The Personal History of David Copperfield has been a long, long time coming. One of my most anticipated movies after a successful festival debut in 2019, the period comedy soon jumped to 2020… and we all know what happened then. So, one could imagine my glee when a release date was finally announced. However, that led to one question. Would the feature live up to the hype? Well, here’s everything you need to know about The Personal History of David Copperfield.
The Personal History of David Copperfield follows the titular character (Dev Patel) as he moves through his life from birth. There’s a grimy factory, an evil stepfather and dozens of delightful characters, in between the trials and tribulations of life. Hugh Laurie, Tilda Swinton, Peter Capaldi, Gwendoline Christie, Rosalind Eleazar, Ben Whishaw and Benedict Wong costar in the movie. Armando Ianucci directs the film from a script he co-wrote with Simon Blackwell— from a story by Charles Dickens, obviously.
The movie follows on the heels of Emma. which hit theaters just before the pandemic. Both films provide sterling examples of how the stories we’ve deemed untouchable classics can still evolve. These works don’t have to be stuffy and untouchable relics. In The Personal Life of David Copperfield, Ianucci creates a snappy, diverse and thoroughly modern take on the classic tale, all while creating a work that still feels faithful to the original Dickens.
From the opening frames, The Personal Life of David Copperfield is an absolute masterclass in acting, with almost too many performances worthy of individual attention.
Dev Patel once again shows in this performance why he’s truly on the road to greatness… If he’s not there already. As a role, David Copperfield is a challenging one. He’s onscreen for a majority of the film as well as serving as narrator. As such, there’s no place to hide. Yet his performance is poignant and heartfelt. However, Patel shines just as brightly in the comedic moments. He carries the narrative with a beautiful, yet somehow effortless and at-ease screen persona. His performance alone– particularly for fans of the young actor– makes this movie worth seeing.
At the same time, the supporting cast surrounding Patel is equally brilliant. Particularly worthy of note is Hugh Laurie’s take on Mr. Dick. The performance harkens back to the actor’s comedic roots in works like Blackadder. Laurie sells a number of the movie’s laugh-out-loud moments, particularly in his banter with the equally amazing Tilda Swinton. The two seem to have perfect timing working opposite each other. However, he easily finds the heart and humanity of his character as the story plays out. In the hands of another actor, Mr. Dick could just as easily have become the butt of the joke or a figure of ridicule. However, Laurie brings this man, along with all his struggles and eccentricity, to the screen in a joyous portrayal.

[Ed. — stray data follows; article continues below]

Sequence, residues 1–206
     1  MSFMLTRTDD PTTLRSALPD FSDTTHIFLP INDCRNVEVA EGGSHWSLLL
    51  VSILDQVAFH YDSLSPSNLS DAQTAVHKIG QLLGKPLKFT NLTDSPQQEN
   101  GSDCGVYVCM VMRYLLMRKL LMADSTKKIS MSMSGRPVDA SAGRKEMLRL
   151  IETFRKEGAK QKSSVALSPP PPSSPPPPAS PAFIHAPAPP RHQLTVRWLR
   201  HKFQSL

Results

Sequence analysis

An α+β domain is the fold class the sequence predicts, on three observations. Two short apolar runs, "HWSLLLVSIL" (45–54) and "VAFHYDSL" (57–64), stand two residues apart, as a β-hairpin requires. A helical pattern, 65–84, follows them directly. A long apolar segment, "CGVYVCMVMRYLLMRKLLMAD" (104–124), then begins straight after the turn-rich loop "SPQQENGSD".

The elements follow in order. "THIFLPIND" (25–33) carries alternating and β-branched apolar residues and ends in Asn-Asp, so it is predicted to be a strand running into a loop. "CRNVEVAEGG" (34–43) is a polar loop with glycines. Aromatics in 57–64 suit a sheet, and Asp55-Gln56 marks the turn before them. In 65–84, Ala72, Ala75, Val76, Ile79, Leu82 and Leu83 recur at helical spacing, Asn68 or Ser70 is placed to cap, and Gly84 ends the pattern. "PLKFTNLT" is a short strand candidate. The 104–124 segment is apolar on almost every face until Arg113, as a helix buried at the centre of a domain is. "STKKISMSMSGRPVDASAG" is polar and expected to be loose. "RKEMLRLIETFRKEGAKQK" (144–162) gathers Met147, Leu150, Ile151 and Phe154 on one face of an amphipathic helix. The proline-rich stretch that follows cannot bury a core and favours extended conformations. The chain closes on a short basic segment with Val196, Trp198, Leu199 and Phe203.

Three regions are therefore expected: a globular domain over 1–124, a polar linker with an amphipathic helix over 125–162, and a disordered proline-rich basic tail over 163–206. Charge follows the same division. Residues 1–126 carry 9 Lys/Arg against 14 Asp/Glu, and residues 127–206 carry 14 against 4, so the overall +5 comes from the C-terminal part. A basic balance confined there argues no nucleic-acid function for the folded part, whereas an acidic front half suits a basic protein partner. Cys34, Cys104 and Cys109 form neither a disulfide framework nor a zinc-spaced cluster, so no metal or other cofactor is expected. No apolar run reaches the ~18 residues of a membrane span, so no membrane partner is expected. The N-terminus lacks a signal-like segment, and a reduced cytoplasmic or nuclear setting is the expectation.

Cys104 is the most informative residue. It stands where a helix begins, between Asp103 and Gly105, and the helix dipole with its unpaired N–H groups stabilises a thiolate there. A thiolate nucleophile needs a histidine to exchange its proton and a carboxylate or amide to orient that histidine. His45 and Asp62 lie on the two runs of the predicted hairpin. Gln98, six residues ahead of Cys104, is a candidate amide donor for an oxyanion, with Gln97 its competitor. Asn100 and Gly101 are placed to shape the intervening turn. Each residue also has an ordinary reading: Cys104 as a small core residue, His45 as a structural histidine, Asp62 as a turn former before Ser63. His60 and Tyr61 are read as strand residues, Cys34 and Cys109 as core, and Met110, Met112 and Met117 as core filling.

To complete the trifecta, Peter Capaldi makes his post- Doctor Who, live action, return to form in a part that is sure to delight Whovians the world over. The actor is in rare– and utterly manic– form as Mr. Micabwer, a man permanently down on his luck in working class, Dickensian England. He’s an absolute joy in the role and very much plays a vital part in not only hammering home Ianucci’s trademark tone, but also the modern flair that sets the movie apart.
At the same time, Ianucci’s direction and the strength of Blackwell’s script propels the film through its two hour runtime. The movie avoids falling into any struggles with pacing or tone, which can be common in period stories of this sort. In fact,The Personal History of David Copperfield flows very much like Ianucci’s other works. The director is best known to audiences for his writing and direction on the television series Veep, as well as the feature Death of Stalin.
Finally, the movie brings a distinctly modern feel to this retelling of David Copperfield. Ianucci and his visual team combine seamlessly to bring an artistic, pastoral and picturesque feel to the feature. This extends to everything from the shooting, to the lighting and even the costumes by Suzie Harman and Robert Worley. The behind the camera execution in The Personal History of David Copperfield really pays off in a film that is as interesting visually as it is in its script, and performances.
The Personal History of David Copperfield has been on my most anticipated list since information first began circulating about it in 2018. Luckily, the hype and anticipation due to a number of delays paid off. The feature combines a tremendously talented cast and the creative genius of Armando Ianucci, resulting in one of the best films of this brief cinema year. There is so much to like here, especially for fans of the movie’s vibrant cast and creator, or even of Dickens himself. If you’ve made it this far, definitely make time for The Personal History of David Copperfield.
The Personal History of David Copperfield opens in theaters August 28th.